A trade deal between the United States and China fell apart earlier this month, when Chinese leadership withdrew, rattling the global markets and prompting US President Donald Trump to accuse Beijing of breaking its promise. Amid the fallout, Chinese state media has taken a defiant tone, marking a shift from the subdued rhetoric of recent months. Perhaps unsurprisingly, the Chinese press is portraying the United States as a foolhardy bully and China as an able defender.
On May 13, CCTV, the state television broadcaster, aired an adversarial statement—unusually bold for the network—during a popular prime time news show. “Talk, our door is wide open; Fight, we will accompany [the US] to the end,” Kang Hui, the CCTV news anchor, said. “Having experienced disturbances for well over 5,000 years, what kind of battle formation has the Chinese nation not seen?”
The network ran harshly worded commentary again on May 24: “The attempt to block off a market of 1.4 billion people is idiotic nonsense.”
People’s Daily, the official newspaper for the Communist Party, took a similar tone, publishing a graphic image showing three slogans in gold lettering overlaid onto a red Chinese flag: “If you want to negotiate, then go ahead! If you want to fight, then bring it on! If you want to bully us, then forget it!”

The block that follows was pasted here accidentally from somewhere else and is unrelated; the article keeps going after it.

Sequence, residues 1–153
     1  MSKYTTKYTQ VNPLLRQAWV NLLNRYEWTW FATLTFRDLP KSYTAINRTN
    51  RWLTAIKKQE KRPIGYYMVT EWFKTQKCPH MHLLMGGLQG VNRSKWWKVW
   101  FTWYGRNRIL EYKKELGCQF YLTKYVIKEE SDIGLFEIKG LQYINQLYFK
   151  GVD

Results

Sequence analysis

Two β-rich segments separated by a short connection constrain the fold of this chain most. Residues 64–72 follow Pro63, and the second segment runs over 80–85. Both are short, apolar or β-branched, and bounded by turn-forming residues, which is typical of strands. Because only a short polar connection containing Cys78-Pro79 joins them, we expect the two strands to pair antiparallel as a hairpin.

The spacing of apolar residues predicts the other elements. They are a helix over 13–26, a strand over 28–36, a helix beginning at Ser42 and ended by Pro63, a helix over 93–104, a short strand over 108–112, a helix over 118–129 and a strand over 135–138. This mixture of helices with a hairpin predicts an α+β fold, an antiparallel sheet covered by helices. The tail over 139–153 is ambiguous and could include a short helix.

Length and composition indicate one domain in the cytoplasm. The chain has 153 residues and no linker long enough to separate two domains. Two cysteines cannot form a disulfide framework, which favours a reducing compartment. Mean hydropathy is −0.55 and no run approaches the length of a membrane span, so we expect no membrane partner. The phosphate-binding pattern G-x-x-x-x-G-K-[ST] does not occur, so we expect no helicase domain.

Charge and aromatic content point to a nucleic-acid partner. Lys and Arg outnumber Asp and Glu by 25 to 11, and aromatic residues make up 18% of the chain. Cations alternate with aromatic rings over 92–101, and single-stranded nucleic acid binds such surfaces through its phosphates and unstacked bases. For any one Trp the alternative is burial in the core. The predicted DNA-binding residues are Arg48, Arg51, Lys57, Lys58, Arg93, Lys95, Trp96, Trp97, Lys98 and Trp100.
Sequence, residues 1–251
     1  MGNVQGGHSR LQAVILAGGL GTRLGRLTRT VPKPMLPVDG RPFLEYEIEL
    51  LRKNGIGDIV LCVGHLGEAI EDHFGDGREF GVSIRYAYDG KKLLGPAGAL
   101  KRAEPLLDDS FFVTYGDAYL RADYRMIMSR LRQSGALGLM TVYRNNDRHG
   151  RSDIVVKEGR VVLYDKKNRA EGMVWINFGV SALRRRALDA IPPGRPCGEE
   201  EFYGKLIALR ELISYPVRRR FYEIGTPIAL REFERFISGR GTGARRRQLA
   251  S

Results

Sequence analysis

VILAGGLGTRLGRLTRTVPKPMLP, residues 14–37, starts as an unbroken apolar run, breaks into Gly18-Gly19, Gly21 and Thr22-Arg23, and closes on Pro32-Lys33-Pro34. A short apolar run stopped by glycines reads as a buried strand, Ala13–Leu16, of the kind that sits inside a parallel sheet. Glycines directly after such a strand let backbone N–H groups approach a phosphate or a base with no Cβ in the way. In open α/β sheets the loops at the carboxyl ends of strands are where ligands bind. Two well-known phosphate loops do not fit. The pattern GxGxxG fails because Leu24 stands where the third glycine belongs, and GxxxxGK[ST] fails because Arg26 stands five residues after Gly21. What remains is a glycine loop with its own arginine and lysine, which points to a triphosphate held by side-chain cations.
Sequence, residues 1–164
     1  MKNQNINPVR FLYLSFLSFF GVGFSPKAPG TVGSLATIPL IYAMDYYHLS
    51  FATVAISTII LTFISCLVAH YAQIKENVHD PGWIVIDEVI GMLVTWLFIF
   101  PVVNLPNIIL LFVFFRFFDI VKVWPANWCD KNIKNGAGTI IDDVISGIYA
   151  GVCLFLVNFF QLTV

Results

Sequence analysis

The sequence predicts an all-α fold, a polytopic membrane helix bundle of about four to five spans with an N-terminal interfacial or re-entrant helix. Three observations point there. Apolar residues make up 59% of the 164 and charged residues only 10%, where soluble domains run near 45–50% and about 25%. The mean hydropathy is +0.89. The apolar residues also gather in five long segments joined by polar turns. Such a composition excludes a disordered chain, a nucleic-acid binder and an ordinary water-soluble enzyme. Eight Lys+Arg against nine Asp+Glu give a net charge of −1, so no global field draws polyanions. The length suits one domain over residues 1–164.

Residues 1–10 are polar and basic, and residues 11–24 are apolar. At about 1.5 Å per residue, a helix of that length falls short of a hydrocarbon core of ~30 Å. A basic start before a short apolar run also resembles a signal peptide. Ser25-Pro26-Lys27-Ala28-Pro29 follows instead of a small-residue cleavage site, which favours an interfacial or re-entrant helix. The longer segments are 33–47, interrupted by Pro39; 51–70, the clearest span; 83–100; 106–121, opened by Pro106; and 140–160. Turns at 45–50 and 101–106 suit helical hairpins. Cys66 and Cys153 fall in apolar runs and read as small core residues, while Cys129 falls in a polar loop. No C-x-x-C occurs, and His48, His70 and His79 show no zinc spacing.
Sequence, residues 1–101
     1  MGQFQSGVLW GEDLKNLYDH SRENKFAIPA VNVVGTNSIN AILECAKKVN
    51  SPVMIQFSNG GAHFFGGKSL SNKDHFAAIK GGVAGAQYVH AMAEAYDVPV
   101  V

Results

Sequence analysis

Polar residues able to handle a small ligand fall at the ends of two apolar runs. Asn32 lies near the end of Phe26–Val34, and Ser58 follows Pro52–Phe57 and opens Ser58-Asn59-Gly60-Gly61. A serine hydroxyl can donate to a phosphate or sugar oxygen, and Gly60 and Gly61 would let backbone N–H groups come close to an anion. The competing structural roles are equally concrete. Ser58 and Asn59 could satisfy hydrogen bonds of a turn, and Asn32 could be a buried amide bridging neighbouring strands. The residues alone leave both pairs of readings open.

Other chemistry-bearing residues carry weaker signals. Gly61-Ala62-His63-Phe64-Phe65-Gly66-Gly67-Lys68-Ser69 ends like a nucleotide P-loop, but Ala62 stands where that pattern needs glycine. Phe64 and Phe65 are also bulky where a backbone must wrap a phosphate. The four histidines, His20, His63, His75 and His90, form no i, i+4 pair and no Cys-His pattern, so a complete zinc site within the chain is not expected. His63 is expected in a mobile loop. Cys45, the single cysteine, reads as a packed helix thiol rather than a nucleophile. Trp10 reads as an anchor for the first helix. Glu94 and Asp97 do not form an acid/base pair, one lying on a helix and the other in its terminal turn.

Some Chinese media experts say that with its antagonistic press coverage, the Communist Party is aligning public opinion with the state’s position. It’s a familiar tactic: to rally public support during a national crisis, the state uses heated rhetoric about clashes with foreign countries. The result is political cohesion united against a common foe.
“It’s not coming out of the blue with a few patriotic opinion pieces or news clips accusing the US of bullying China, but rather it builds on years’ worth of efforts at selling the narrative of the century of humiliation and the need for China to rise up and stand up for itself,” says Emilie Xie, a PhD candidate in Communications at Columbia University who studies Chinese politics and media.
While strong nationalistic language has indeed become more visible as the trade war escalates, other media scholars don’t see this as evidence of a centralized strategy orchestrated by the Communist Party. “Exactly how this language is emerging or being used, and by what sources, is a complicated question,” says David Bandurski, co-director of the China Media Project. “I don’t think unleashing nationalism can be tactical, certainly not in a targeted sense, because nationalist sentiment is very difficult to control.”